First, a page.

On September 21, 2015 the world of Dick Tracy and James Bond became reality: the Apple Watch was born.
Apple announced at the time of the launch that there were already more than 3500 apps customised for its watch, including connections to all the social media networks like Facebook, Twitter and Tweetings - which makes it really practical if you have the heart rate monitor app since your Facebook account can automatically update your profile when you die. Neat. On my travels I’ve seen many an Apple Watch acolyte’s arm at eye or mouth level reading or talking to their wrist, oblivious to their surroundings of on-coming traffic and fellow pedestrians, and I’ve often heard the accompanying torrents of expletives as their Gucci-clad feet slither in a pile of dogs’ mess.
Because of the Apple Watch’s unique shape it is instantly recognisable and from time to time, when I felt that the wearer was approachable, I’ve asked what they think of the watch and which of the apps they have. Inevitably I get the list of those that are pre-installed plus the dozens of free ones that they’ve downloaded since its purchase. But when I ask the sixty-four thousand dollar question - which apps do you use regularly - the wearer usually mentions at best only four or five.
What I find bizarre is that everything the Apple Watch does the iPhone does, which means you are not only duplicating everything, but also you’re obliged to have the telephone for the watch to function. So why have both?
As somebody acknowledged recently, ‘the Apple Watch finally allows users to destroy two devices when they reach into the toilet to retrieve their iPhone.’
A doctor I visited in Menton had an Apple Watch and when I didn’t have a thermometer in my mouth and between some painful tweaks, I asked him if he used any of the medically inspired apps. The answer was a surprising “Non Monsieur” adding that he bought it because he liked the Micky Mouse feature on the dial.
- A doctor I visited in Menton had an Apple Watch and when I didn’t have a thermometer in my mouth and between some painful tweaks, I asked him if he used any of the medically inspired apps. The answer was a surprising “Non Monsieur” adding that he bought it because he liked the Micky Mouse feature on the dial.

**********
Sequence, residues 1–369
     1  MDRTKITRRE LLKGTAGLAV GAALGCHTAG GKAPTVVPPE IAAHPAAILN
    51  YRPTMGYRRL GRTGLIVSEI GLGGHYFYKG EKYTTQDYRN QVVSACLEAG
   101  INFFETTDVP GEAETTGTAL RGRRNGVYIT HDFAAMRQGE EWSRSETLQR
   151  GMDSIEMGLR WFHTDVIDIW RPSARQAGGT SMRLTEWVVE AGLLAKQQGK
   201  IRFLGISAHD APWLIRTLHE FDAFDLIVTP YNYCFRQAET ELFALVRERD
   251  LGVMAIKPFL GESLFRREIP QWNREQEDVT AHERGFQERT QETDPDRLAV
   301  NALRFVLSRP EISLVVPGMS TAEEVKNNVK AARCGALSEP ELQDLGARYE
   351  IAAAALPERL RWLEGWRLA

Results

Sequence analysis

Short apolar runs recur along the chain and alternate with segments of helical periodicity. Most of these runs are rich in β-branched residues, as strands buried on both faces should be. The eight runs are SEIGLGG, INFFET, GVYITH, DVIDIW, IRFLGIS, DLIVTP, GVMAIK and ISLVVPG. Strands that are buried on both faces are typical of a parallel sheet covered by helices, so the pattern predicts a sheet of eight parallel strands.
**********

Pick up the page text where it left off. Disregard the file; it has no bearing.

On the other hand, on a recent flight in a Boeing 747 from Houston to London, the flight’s Consumer Service Manager, Lee Peter, informed me he uses the Apple Watch professionally for take-off and landing times and GMT functions, plus the app that informs him how many kilometres he walks during any given flight. At last, a working watch.
I like the idea that the Apple Watch is water-resistant to fifty metres. Apart from the obvious, it’s practical if you’re drowning or when a shark starts circling around whilst you’re scuba diving, since you can ‘phone someone for help. And if you have the appropriate watch bracelet you can even take a selfie alongside a grinning dolphin.
Trawling the Internet I discovered a few weird and wonderful apps for connected watches. There is one that sends lonely users regular messages from a digital girlfriend named Mina. It’s called ‘Honey It’s Me!, and has around 100 recorded messages from a sexy-voiced lady saying ‘It’s time for breakfast,’ ’Are you still sleeping?’ and ‘Good night, sweet dreams,’ all for $1.99. And if that doesn’t appeal to you there’s an app for dog lovers that includes a dog whistle.
It may be heresy, but I’m from the old school of watch wearers. I like to look at my wrist to instantly see the time, appreciating the joys of wearing a mechanical marvel that took hundreds of hours to create and produce and has more working parts than the average motor car. I’m sorry, but my opinion of the current downward trend for connected watches actually brightens my day.
Some years ago, Dave Allen, an Irish comedian, performed a monologue on teaching a child how to read the time. It started something like this:
“I’m going to teach you to read the time.” “Why?”
“Because it’s important. How will you know when it’s time to go to school if you can’t read the time?”
“Mummy would tell me.”
“What if mummy wasn’t there?”
“Then you’d tell me the time.”
“Suppose neither of was here?”
“I wouldn’t go to school.”
“Shut up and listen. There are three hands on the watch: the first hand is the hour hand, the second hand is the minute hand and the third hand is the second hand.”
But that’s all over now because connected watches are so complex and dependent on an accompanying telephone. However, help is available nearby in an Apple Store since they offer users free workshops on how to use their watch.
Now the best for last, and I kid you not: the most puerile app yet created and designed to cause you problems on your first date or in the hushed ambience of the theatre: it offers a selection of ear-shattering farts. Well you’ve got to laugh haven’t you.